Grand Lucayan sale will spur new airlift to GB

Grand Lucayan sale will spur new airlift to GB
The Grand Lucayan hotel.

Following the recent pull out of international and local flight carriers out of Grand Bahama; the Ministry of Tourism’s Airlift Division is currently waiting on significant progress in the resale of the Grand Lucayan Resort before it aggressively pursues added airlift into the island, according to Tyrone Sawyer the senior director of airlift for the Ministry of Toruism..

“We want to dampen any inclination that anyone needs to be too concerned about their pull-out,” Sawyer assured.

“We miss it and we look forward to working with Sunwing and other partners in the future, but it’s [only] 7 per cent of the total air seat component into Grand Bahamas, so we’re not panicking.

“We are working with existing partners, including Bahamasair, to ensure that we build up and maintain the number of seats that we need.”

Sawyer continued, “What’s more important is that once we’ve got an announcement on the actual Grand Lucayan, that’s when we have to put in a major effort to bring in the incremental airlift that we will need for those additional rooms.”

It was on October 11 that the Canadian-based airline company, Sunwing, announced that it would be cancelling its flight services into Grand Bahama.

Similarly, local airline company, Sky Bahamas, also recently reduced its frequency of service to Grand Bahama.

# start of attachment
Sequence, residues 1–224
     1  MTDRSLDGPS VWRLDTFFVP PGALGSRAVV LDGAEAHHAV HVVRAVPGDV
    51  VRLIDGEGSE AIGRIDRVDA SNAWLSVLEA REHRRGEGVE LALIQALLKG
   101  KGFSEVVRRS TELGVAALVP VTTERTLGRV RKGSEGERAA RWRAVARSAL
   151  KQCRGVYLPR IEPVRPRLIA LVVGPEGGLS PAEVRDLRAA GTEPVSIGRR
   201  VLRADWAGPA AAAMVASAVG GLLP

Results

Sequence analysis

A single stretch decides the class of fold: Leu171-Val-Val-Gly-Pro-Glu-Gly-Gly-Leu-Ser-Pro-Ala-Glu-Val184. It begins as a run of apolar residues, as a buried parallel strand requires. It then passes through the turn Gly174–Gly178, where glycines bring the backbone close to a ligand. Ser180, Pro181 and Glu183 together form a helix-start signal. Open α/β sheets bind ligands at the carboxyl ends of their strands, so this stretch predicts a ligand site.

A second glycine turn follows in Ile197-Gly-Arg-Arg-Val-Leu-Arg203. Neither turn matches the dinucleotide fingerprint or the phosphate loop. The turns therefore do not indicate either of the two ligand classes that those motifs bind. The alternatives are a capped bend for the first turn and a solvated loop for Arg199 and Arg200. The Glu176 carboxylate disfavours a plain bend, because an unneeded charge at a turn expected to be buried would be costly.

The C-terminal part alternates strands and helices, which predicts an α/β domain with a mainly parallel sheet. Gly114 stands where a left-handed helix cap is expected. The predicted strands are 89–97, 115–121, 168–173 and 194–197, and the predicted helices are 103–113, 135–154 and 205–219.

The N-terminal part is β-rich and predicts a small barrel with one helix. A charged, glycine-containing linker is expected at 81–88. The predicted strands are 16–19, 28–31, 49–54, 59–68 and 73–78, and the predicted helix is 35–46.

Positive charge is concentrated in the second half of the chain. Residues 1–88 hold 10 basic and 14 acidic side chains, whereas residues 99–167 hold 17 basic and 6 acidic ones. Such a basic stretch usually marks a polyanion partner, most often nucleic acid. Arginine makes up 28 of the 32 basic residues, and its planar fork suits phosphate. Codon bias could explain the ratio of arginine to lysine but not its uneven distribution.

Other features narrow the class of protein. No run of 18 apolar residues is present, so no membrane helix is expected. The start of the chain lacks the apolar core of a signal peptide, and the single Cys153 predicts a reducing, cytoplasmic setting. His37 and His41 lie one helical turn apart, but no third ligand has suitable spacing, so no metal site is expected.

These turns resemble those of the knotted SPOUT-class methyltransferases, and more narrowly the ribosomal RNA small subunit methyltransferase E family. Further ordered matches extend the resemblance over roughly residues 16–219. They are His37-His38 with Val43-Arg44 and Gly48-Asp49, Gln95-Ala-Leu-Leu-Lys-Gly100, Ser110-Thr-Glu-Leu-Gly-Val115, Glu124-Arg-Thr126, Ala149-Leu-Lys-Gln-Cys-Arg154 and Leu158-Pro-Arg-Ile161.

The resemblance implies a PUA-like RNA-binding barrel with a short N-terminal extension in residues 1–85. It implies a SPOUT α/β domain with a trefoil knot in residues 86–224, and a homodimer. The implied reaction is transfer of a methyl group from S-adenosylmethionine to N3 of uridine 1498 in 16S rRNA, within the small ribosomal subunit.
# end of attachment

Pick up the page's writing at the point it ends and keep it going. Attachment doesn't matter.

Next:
Sawyer confirmed that Sunwing only accounted for seven per cent airlift into Grand Bahama and Sky Bahamas’ contribution was even lower than that.

Based on these statistics, he affirmed that there is no need for alarm and that the Ministry of Tourism’s Airlift Division would kick into overdrive once some sort of “excitement,” begins to brew on the island.

“We within the Ministry of Tourism and the airlift unit are waiting on government to make its decision on the new partner [for the Grand Lucayan], so that we can make sure that we have the added new airlift in place by the time of the new rooms come on board,” shared Sawyer.

“Usually what happens is that people equate additional seats with air stop over arrivals. I’d just like to dispel that myth a little.

“The incremental growth in air stop over visitor comes from demand. You’ve got to create the excitement about Grand Bahama. Once we create that excitement airlines will tend to come because people are demanding it.”

Sawyer confirmed that the Ministry of Tourism is actively engaged with international marketing teams to ensure that the product is ready for mass marketing once the resort has been sold.

He also revealed that the ministry’s marketing spend will also be increased to ensure that the island is adequately marketed.